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Letters: Praise for England's first 'Architecte'

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May I point our that our challenge in procuring special handmade bricks for the recent restoration of Hill Hall, Essex, (aj/Brick Bulletin 29.10.98) was brought on by the need for 150,000 bricks, not 15,000 as stated. Curiously, 150,000 was also the number of bricks which were clamp-fired on site in 1578 to finish off the service wing.

As to the naive early-Renaissance architecture, we should not be too hard on Richard Kirby, the 'cheefe Architecte'; the primary responsibility lay with the remarkable owner, Sir Thomas Smith. Kirby, a master carpenter capable of producing drawings, oversaw the completion of the house and seems to be the earliest Englishman responsible for a building identified to be dignified with the title 'architect'. For myself, although I can lay claim to the Elizabethan definition as 'principal overseer and contriver of the work', I should offer the further correction that I am not in the twentieth-century terminology an architect, as the article states, but a chartered building surveyor.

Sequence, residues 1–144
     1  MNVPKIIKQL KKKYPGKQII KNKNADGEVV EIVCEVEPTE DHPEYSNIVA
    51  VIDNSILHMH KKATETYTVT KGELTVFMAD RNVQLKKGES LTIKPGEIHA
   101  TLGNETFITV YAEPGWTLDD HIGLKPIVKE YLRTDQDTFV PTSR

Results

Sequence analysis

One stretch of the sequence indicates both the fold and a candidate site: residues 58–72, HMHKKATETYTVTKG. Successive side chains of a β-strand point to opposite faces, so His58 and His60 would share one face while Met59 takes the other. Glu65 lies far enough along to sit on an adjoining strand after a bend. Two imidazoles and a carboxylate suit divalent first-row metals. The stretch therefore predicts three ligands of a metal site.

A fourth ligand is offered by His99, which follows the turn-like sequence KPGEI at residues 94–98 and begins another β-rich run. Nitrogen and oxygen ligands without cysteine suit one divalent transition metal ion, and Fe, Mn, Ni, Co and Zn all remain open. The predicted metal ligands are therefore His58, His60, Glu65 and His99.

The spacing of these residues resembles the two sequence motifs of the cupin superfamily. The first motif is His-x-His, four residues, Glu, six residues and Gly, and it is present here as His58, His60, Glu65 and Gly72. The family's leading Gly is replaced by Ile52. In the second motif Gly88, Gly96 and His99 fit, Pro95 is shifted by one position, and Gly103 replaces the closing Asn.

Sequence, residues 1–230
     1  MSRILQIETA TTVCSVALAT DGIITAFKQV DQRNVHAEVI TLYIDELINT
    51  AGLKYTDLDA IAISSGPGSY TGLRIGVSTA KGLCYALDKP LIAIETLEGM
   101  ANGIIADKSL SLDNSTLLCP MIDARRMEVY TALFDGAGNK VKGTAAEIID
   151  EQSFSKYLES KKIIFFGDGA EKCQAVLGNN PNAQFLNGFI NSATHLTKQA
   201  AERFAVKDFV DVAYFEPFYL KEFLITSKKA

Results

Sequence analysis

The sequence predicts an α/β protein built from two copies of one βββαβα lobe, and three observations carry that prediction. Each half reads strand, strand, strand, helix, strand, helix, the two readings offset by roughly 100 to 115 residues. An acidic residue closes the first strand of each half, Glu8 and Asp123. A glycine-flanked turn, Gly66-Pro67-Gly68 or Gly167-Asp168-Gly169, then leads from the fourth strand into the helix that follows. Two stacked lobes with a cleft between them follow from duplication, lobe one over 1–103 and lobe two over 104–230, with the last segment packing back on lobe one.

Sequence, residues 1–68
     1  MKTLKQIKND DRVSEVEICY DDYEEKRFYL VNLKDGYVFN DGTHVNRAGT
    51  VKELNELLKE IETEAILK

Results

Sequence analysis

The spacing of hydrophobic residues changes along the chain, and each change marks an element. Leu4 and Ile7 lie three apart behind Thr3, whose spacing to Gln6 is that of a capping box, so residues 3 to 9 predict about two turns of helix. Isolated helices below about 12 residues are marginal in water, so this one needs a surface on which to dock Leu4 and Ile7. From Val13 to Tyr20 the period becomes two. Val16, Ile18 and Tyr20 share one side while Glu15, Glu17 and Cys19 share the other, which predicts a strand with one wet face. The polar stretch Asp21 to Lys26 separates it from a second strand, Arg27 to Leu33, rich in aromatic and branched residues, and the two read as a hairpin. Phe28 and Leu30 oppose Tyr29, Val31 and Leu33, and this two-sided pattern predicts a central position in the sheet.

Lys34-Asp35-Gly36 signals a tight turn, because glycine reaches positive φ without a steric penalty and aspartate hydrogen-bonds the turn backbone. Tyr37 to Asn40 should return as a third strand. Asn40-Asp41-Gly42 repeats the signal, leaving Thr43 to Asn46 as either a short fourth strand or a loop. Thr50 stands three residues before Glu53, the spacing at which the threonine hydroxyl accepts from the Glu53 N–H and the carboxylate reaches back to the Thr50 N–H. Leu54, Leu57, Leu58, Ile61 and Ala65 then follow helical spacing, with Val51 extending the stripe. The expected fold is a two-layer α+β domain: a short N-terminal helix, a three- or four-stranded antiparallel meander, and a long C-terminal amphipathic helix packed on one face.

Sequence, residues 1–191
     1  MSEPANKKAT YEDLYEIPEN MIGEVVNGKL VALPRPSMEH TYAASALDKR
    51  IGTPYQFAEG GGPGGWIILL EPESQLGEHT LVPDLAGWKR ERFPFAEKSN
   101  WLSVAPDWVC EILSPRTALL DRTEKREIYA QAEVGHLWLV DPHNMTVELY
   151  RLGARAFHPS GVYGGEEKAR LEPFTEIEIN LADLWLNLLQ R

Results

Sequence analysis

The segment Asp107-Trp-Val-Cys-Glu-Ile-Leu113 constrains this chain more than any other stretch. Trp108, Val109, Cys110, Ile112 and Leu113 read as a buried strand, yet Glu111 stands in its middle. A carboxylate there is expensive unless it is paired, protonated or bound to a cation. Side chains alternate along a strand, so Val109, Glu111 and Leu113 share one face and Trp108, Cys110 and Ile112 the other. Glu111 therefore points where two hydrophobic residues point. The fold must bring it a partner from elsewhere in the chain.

NICK HILL

English Heritage, Northampton

Katherine Shonfield returns in the new year.

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